Saturday, April 18, 2009


1: to perform (a sacrament or solemn ceremony) publicly and with appropriate rites <celebrate the mass>
2 a
: to honor (as a holiday) especially by solemn ceremonies or by refraining from ordinary business b: to mark (as an anniversary) by festivities or other deviation from routine

A sweet woman (T, for our purposes) passed away a few weeks ago. In about an hour, we will gather to celebrate her life. I have mixed emotions about calling this ceremony a celebration, but I'll admit that reading celebrate as "honoring by solemn ceremony" changes my thoughts on that a bit. It's been difficult in the days since T's passing to find an acceptable way to express sorrow in losing her and joy that her prayers were answered and she was able to lead a normal life right up until she died.

I am not sad for T. It was a blessing that she was spared more pain from cancer and that her family was spared seeing her become not herself, but a vessel for a raging disease. Throughout her illness, T had a sweet spirit and peace about her. So I am not sad for her.

I am sad for her daughters, her husband and the rest of us left here without her. I am sad that when her daughters experience joyful times later in their lives like graduations, marriages, the births of children, these events will be tinged with sadness. Because at the highest points in their life, there will be a missing shadow that is not their mother watching them with glowing eyes. I know these sweet girls are secure in their mother's love for them, but I do not feel ashamed to cry for them and their loss.

Yet I have felt a quickness to move past grief to acceptance and celebration from many, many people at our church, especially those close to this family. And while I am thankful to have known T, I am sad for myself that she is gone. Her daughters are older than mine and she is someone whose parenting style I respected and admired. I would have asked her for advice on how to live life with daughters. I would have had her family over for dinner to let my girls see that whatever stage they are in, it will pass. I would have sought her wisdom and learned from her experience. But she is gone, so I can't do these things. And while I will go publicly honor her in a short while, I will also mourn her loss.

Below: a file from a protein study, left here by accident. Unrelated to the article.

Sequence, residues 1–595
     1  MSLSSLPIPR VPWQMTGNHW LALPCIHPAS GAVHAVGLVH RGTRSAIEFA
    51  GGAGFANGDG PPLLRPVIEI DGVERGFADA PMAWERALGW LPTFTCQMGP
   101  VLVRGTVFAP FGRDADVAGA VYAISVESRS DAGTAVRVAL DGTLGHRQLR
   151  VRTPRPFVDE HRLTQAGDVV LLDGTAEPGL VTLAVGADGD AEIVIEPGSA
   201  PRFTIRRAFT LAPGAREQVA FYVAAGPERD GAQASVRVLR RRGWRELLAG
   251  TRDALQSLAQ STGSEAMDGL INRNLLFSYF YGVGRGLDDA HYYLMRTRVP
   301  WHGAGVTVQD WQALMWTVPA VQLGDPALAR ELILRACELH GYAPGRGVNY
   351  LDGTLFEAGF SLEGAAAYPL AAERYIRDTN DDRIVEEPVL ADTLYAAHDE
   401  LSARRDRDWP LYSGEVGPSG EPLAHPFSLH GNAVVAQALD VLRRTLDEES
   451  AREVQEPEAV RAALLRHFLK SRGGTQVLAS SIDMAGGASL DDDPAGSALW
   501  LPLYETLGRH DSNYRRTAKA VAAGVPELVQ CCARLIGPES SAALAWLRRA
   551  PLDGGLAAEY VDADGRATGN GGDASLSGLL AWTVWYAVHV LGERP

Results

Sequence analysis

Grief is hard for me because I do not like to feel things intensely and I can not think about this and not feel. A part of me wants to be like the others in my community who are moving past (or just skipping over) the pain of loss, but when I think about who T was, I think she would want me to go ahead and feel what I am feeling in remembering her. I remember a friend saying on the Sunday after T's passing, "Why am I so sad?" And I thought to myself, "Because it is sad." It is a tragedy that T is gone, that a disease took her from us and that we have to go on without her.

So I'll close now and go get dressed to solemnly celebrate T's life. But I am left with questions that will go unanswered, many of them that start with the word "why."


RBM said...

I have a lot of "why" questions also after the recent experience with my dad. Also while I was home last week, I visited Silas' grave with his mother and grandmother. Some of my questions are: Why are some tumors benign and others malignant? Why did my dear friends lose their 3-year-old child and grandchild and others never have to experience such tragedy? I think of these as more ‘heart’ questions, because my head knows there are not answers. I believe that coming to terms with the randomness of life is a part of life (and grief) itself. Our society doesn’t encourage healthy expressions of grief, rather we all tend to be encouraged to put on a brave face, move on, and not mention our grief. But it is important to remember our departed loved ones and honor our feelings. Our church here in Louisiana lists deaths under the heading “The Church Triumphant.” I love this reminder that we rejoice that they are now with the host of saints, but are saddened by our own loss of their beautiful presence in our lives.

WordGirl said...

After writing this post, I went to T's celebration. For me, it struck just the right note between celebrating her life and mourning our loss. The pastor talked about grieving with hope, which was a great way to encapsulate my feelings in just three words.

I was pleased to hear him affirm the need to grieve our loss of T, while not losing sight of the hope that we still cling to.

I also agree with RBM that many (if not all) of my "Why" questions are heart questions because I will not ever know the answers. I think the important thing for me is to find a safe place to go ahead and ask the questions out loud, not expecting answers.

RBM said...

I completely agree with you. It's so important to feel safe to go ahead and ask our "why" questions, even though we may know there are no answers. Also, what a wonderful phrase your pastor used at the memorial celebration. It sounds as if it was very meaningful and hopeful for your whole congregations.

Chris and Tiana said...

I'm struggling with a lot of "why" questions right now also, and I think I'm at a place now where I feel like maybe there is no answer other than the fact that we just live in a fallen world and life is sometimes very hard. I still believe that God can work every situation, even our suffering, for our good and for His glory, but maybe there is no "reason" why bad things happen except that it's just a consequence of sin (not any sin in particular, just sin in general- a consequence of the fall). Basically it just sucks, but if nothing else it makes me hope in the knowledge that heaven will be so much greater than this life.

Variations On A Theme said...

I'm so sorry for your loss. I'm baffled by grief and very grateful I haven't had much of it to experience in the way of loved ones dying. Peace to you.